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And in person, the Phoenix is simply gorgeous; even the best photographs cannot encapsulate the unique wood grain of each hand-finished shell. The level of finish is excellent with gently curved edges and contours showcasing not one noticeable imperfection or frayed edge. Such a complexion is very difficult to achieve with wood and is certainly befitting of a flagship product. The brass nozzle complements their rustic aesthetic while enhancing the acoustics of the earphone. A small but appreciated touch are the reinforced MMCX connectors on the housings themselves; with plastic anchoring addressing an otherwise common point of failure.

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I am also very impressed with the stock cable. It’s an MMCX unit with 6N OCC conductors, internal Kevlar reinforcement and a soft fabric jacket that looks simply dapper with the wood housings. Though thick, the cable is supple and compliant making it unobtrusive to comfort. They may wiggle loose during active use but realistically that is not the intended use case of a high-end IEM and they posed no issue to me during daily use. Tangles are also not a problem and there is minimal memory or springiness. The cable has a uniform aesthetic with matching chrome finish on all metal terminations. The 3.5mm straight jack feels well relieved and the pre-moulded ear guides sustain the weight of the earphones and thicker cable comfortably.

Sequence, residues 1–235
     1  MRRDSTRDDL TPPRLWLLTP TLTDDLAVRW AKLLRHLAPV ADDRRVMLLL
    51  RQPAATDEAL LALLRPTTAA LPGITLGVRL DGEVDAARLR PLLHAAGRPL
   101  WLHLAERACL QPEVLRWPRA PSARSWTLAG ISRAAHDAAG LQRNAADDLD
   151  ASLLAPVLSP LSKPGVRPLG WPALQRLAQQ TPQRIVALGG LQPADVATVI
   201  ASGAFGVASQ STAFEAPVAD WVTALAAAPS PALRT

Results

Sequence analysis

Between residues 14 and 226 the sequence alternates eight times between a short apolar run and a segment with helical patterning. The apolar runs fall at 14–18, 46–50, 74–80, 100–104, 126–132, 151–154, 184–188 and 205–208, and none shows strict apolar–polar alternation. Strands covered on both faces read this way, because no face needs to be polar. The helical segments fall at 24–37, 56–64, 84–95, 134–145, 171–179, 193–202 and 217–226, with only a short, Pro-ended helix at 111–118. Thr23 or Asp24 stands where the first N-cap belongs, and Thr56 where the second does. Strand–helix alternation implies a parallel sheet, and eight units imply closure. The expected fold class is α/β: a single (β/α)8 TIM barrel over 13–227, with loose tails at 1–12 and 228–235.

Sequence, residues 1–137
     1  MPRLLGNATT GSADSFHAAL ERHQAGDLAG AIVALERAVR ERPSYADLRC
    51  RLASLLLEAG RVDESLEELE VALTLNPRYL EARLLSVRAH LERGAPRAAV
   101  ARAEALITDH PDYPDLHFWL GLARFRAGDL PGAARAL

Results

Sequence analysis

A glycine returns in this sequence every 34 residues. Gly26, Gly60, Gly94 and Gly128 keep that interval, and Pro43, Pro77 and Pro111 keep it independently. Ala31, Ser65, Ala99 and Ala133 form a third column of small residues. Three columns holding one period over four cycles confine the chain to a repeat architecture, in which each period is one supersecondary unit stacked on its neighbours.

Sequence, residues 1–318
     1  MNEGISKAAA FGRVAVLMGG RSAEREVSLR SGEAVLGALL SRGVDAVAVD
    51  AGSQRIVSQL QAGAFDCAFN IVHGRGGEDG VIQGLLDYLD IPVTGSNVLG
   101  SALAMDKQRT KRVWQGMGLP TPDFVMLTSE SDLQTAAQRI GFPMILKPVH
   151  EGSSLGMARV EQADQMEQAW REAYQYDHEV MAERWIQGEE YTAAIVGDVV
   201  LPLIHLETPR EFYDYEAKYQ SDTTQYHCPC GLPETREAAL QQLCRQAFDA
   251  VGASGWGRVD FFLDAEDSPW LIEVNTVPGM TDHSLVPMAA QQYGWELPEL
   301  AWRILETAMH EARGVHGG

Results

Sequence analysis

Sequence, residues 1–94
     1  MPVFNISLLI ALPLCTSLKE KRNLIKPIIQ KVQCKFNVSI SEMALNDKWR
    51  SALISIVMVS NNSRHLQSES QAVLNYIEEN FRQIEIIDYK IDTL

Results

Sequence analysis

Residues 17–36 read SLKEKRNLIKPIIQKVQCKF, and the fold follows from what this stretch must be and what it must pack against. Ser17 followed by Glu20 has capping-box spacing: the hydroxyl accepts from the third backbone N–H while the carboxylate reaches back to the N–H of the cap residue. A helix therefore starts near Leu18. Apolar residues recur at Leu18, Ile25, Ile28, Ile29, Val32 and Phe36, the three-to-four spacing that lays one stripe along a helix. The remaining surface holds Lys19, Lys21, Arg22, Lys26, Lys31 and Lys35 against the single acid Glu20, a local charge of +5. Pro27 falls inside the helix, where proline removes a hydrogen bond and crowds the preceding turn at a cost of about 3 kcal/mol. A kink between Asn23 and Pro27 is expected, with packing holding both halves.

Fit & Isolation –

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Ergonomics are a strong point for the Phoenix, they slot confidently into the ear, complementing each curve and fold. There’s a gentle fin for the concha to aid fit stability and, though on the larger side, the majority of their dimension is derived from their width. They don’t provide a low profile fit but also don’t feel as large as they look in wearing as a result. I experienced no hotspot formation over several hours of listening and found them perfectly comfortable to wear as a result. They seal very well, and isolation is excellent for a vented hybrid earphone though the front-facing vent is susceptible to wind noise when listening outdoors. I found them to provide easily enough isolation for commute but naturally a bit less than a fully sealed unit.

Next Page: Sounds, Comparisons & Verdict

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About Author

Avid writer, passionate photographer and sleep-deprived medical student, Ryan has an ongoing desire to bring quality products to the regular reader.